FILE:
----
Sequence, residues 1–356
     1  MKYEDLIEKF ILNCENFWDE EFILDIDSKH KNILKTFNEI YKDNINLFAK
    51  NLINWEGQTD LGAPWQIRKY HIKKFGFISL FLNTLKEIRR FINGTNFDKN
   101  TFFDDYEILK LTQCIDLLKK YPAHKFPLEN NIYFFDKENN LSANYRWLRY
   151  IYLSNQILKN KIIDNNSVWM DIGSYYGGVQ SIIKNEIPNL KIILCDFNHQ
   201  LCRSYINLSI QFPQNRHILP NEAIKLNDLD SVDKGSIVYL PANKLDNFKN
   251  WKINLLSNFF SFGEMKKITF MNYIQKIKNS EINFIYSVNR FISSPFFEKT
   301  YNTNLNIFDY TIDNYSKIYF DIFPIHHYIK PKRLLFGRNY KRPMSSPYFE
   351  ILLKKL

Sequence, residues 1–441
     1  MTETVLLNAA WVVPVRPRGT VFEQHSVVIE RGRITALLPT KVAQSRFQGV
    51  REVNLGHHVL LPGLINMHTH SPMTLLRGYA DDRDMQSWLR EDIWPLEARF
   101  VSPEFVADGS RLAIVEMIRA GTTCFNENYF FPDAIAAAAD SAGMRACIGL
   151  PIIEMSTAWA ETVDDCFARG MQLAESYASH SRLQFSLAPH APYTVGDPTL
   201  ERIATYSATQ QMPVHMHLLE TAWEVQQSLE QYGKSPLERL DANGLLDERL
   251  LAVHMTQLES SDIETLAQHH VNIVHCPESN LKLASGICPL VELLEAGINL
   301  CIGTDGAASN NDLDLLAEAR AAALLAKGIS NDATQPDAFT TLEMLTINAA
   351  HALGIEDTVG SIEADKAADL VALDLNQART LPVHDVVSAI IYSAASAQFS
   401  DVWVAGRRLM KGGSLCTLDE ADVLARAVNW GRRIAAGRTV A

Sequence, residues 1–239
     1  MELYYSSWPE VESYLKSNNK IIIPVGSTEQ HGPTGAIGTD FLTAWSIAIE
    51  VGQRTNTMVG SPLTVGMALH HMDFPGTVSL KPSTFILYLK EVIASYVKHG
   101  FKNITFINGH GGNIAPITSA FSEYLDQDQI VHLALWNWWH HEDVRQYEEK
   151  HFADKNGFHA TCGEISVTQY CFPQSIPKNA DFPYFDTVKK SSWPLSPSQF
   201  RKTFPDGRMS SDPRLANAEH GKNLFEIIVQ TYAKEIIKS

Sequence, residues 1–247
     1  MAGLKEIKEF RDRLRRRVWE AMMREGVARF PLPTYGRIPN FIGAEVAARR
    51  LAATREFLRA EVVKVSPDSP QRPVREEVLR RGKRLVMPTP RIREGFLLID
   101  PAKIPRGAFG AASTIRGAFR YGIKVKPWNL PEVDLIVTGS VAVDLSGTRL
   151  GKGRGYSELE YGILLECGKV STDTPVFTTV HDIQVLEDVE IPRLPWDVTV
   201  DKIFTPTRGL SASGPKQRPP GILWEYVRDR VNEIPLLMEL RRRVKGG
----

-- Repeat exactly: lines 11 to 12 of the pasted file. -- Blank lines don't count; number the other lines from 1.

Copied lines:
     1  MTETVLLNAA WVVPVRPRGT VFEQHSVVIE RGRITALLPT KVAQSRFQGV
    51  REVNLGHHVL LPGLINMHTH SPMTLLRGYA DDRDMQSWLR EDIWPLEARF